Reading Time: 3 minutes

It’s been hard to tell which one of two recent thoughts about Policing has vexed me the most, so my solution was two short pieces for the price of one, or BOGOF

Police Uplift Programme

My first vex was related to the piece I wrote last week about the Police Uplift Programme. The final report on PUP isn’t due until the end of this month (if it comes out on time) so I can only relate to the position as at 31st December 2022.

In terms of numbers PUP has definitely increased the strength of the Police Service, although I still maintain that will have fallen short of their 20,000 target.

I took a look at the latest set of Length of Service stats (March 2022, 2023 will be released about July I think) and brought it up to date as best I could.


In almost every segment there are fewer officers than there were 10 years ago. The obvious exception is officers with less than 5 years service, which is a direct result of PUP. Then there;s a peak in the 15 to 20 year mark, but in almost all other segments the numbers are reduced. This CANNOT be good for Policing. Whilst it might seem obvious to those in the know, there has clearly been a haemorrhage of experience due mainly to the cuts imposed by Theresa May et al

Re-inventing The Wheel

Vex #2 was brought on by an item in last night’s local news on BBC1.

I’m thinking of setting up a GoFundMe page as I find that I need to replace my TV. The screen was mysteriously smashed in the middle of the evening news, when the BBC and the new Chief Constable of West Midlands Police jointly announced plans to introduce a brand new way of Policing.

Apparently it is called Neighbourhood Policing and involves local areas being Policed by local officers from local Police Stations and going into schools.

Sadly the TV is a write off, but the life size bust of Theresa May survived.

“A new local policing model will better serve communities across seven policing areas;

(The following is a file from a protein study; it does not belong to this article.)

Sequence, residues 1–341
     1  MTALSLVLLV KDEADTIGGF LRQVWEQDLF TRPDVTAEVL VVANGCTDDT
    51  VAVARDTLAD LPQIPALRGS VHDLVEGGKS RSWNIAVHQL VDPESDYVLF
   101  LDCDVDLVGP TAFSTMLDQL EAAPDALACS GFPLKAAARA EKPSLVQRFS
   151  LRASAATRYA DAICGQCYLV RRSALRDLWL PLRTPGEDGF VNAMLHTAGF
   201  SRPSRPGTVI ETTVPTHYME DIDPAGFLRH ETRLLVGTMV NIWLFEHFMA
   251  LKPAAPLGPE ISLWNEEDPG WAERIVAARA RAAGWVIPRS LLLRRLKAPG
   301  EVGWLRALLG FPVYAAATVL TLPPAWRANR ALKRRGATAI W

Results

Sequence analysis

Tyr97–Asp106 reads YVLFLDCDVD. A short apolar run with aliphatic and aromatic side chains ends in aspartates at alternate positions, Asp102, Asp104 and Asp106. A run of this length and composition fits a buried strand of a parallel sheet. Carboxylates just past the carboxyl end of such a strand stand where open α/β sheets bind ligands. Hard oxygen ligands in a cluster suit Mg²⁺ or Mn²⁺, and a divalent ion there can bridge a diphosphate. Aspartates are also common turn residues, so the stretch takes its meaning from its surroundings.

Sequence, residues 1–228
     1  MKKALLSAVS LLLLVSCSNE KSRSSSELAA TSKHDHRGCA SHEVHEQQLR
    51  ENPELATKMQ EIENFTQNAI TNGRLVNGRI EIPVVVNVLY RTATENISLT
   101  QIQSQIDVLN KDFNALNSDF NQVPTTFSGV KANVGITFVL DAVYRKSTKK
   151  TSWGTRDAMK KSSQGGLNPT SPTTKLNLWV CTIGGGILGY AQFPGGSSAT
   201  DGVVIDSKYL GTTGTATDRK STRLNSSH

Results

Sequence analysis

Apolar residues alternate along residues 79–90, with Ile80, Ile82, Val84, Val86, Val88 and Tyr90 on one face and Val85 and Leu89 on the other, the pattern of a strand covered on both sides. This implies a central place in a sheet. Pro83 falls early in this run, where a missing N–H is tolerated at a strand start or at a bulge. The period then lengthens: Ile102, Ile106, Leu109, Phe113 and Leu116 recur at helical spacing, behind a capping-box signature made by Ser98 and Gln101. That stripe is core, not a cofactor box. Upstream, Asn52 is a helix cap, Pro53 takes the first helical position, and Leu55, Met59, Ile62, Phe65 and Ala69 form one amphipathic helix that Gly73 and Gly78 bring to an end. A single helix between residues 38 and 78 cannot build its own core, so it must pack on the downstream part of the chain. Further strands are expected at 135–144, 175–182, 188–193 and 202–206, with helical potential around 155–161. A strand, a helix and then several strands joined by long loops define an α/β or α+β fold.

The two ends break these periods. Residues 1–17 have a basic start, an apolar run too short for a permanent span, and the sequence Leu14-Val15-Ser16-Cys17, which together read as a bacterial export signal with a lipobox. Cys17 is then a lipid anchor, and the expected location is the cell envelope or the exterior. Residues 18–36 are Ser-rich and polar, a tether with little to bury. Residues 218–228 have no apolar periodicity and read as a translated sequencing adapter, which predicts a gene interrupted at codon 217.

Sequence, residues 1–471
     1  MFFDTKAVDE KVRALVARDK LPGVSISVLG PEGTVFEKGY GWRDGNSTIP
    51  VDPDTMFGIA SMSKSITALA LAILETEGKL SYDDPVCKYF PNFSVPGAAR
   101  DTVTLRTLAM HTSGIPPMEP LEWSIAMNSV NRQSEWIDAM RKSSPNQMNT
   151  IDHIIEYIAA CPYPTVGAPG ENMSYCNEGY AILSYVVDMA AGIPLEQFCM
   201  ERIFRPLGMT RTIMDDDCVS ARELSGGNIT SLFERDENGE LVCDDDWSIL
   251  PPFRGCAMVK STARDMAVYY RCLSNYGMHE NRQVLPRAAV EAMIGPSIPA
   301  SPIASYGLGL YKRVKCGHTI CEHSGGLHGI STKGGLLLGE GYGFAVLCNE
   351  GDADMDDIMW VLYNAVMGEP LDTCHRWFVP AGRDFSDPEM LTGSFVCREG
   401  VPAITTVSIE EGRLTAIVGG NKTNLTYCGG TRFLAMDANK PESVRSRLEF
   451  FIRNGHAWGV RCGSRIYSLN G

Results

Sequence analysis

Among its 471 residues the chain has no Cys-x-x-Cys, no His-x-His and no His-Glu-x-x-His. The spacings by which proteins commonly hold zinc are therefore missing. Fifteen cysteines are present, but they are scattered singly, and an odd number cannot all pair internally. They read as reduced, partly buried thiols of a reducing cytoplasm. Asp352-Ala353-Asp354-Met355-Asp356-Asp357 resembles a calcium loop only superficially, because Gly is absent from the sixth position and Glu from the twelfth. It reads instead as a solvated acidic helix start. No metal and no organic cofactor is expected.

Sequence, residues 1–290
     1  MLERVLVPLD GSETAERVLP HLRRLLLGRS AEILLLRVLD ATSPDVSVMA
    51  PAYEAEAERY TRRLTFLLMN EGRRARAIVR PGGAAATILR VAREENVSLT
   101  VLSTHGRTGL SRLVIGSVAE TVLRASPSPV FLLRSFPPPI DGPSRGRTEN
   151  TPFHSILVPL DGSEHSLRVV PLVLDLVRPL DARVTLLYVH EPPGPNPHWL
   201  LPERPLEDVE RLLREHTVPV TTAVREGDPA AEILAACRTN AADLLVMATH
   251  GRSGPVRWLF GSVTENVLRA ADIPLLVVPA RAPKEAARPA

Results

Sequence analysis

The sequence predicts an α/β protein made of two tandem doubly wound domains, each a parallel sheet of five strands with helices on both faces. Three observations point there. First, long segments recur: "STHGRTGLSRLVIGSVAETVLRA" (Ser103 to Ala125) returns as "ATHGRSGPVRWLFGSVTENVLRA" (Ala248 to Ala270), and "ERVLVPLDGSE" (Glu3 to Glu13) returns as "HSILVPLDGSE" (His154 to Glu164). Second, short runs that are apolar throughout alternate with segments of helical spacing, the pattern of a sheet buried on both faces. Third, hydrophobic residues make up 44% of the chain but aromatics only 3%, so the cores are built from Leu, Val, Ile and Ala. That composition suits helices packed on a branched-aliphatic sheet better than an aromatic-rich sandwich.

Each local policing area (LPA) will be led by a Chief Superintendent commander who will understand the issues that matter to communities in their area and have greater control over how they use their resources to meet local needs better. 
Response and investigation teams will now be based at the same local police hubs as neighbourhood officers, meaning they can work more closely together to prevent and solve crime and keep people safe. This means more officers spending more time understanding and preventing local problems as well as addressing the issues that really matter to communities. 

What will be different…

  • Increased neighbourhood presence to really understand local issues and work with communities to tackle these
  • Response officers (those who respond initially to your calls) are now more local to provide a better service 
  • Local investigation teams with a renewed focus on areas such as burglary, robbery, vehicle crime and domestic abuse to deliver better outcomes
  • Increased use and availability of local custody facilities to support our focus on arresting more offenders

We want this new way of delivering local policing to make local areas safer, by making more arrests for violent crime, especially for domestic abuse. We will also be able to work more effectively with our partners, local businesses, and other agencies to reduce crime and disorder and make the streets safer.”

Is it just me that thinks that it’s a bit misleading to describe this as new?